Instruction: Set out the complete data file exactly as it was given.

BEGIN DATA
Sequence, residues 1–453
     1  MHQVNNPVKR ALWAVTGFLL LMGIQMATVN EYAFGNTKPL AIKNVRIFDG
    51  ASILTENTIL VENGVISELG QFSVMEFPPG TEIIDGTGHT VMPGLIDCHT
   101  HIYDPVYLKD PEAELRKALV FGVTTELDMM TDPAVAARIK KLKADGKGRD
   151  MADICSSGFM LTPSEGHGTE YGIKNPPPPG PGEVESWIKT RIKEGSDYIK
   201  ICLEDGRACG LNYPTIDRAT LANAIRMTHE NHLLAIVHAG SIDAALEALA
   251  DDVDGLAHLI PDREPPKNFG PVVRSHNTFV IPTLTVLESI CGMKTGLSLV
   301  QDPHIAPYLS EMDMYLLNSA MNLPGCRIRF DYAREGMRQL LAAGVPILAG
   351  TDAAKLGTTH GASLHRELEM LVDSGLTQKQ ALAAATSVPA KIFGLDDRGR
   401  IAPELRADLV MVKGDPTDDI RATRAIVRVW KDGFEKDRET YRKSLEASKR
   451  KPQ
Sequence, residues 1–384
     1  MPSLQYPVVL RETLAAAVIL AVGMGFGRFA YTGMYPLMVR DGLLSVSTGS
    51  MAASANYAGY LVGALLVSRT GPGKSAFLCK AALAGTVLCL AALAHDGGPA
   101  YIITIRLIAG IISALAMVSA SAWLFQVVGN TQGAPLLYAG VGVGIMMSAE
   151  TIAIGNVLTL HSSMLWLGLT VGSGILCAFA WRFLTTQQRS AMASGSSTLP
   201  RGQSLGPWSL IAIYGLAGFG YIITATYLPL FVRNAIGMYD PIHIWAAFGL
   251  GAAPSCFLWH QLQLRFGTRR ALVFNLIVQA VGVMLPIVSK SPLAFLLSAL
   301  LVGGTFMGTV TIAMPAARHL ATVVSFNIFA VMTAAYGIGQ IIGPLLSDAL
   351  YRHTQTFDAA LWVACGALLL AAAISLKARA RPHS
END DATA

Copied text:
Sequence, residues 1–453
     1  MHQVNNPVKR ALWAVTGFLL LMGIQMATVN EYAFGNTKPL AIKNVRIFDG
    51  ASILTENTIL VENGVISELG QFSVMEFPPG TEIIDGTGHT VMPGLIDCHT
   101  HIYDPVYLKD PEAELRKALV FGVTTELDMM TDPAVAARIK KLKADGKGRD
   151  MADICSSGFM LTPSEGHGTE YGIKNPPPPG PGEVESWIKT RIKEGSDYIK
   201  ICLEDGRACG LNYPTIDRAT LANAIRMTHE NHLLAIVHAG SIDAALEALA
   251  DDVDGLAHLI PDREPPKNFG PVVRSHNTFV IPTLTVLESI CGMKTGLSLV
   301  QDPHIAPYLS EMDMYLLNSA MNLPGCRIRF DYAREGMRQL LAAGVPILAG
   351  TDAAKLGTTH GASLHRELEM LVDSGLTQKQ ALAAATSVPA KIFGLDDRGR
   401  IAPELRADLV MVKGDPTDDI RATRAIVRVW KDGFEKDRET YRKSLEASKR
   451  KPQ
Sequence, residues 1–384
     1  MPSLQYPVVL RETLAAAVIL AVGMGFGRFA YTGMYPLMVR DGLLSVSTGS
    51  MAASANYAGY LVGALLVSRT GPGKSAFLCK AALAGTVLCL AALAHDGGPA
   101  YIITIRLIAG IISALAMVSA SAWLFQVVGN TQGAPLLYAG VGVGIMMSAE
   151  TIAIGNVLTL HSSMLWLGLT VGSGILCAFA WRFLTTQQRS AMASGSSTLP
   201  RGQSLGPWSL IAIYGLAGFG YIITATYLPL FVRNAIGMYD PIHIWAAFGL
   251  GAAPSCFLWH QLQLRFGTRR ALVFNLIVQA VGVMLPIVSK SPLAFLLSAL
   301  LVGGTFMGTV TIAMPAARHL ATVVSFNIFA VMTAAYGIGQ IIGPLLSDAL
   351  YRHTQTFDAA LWVACGALLL AAAISLKARA RPHS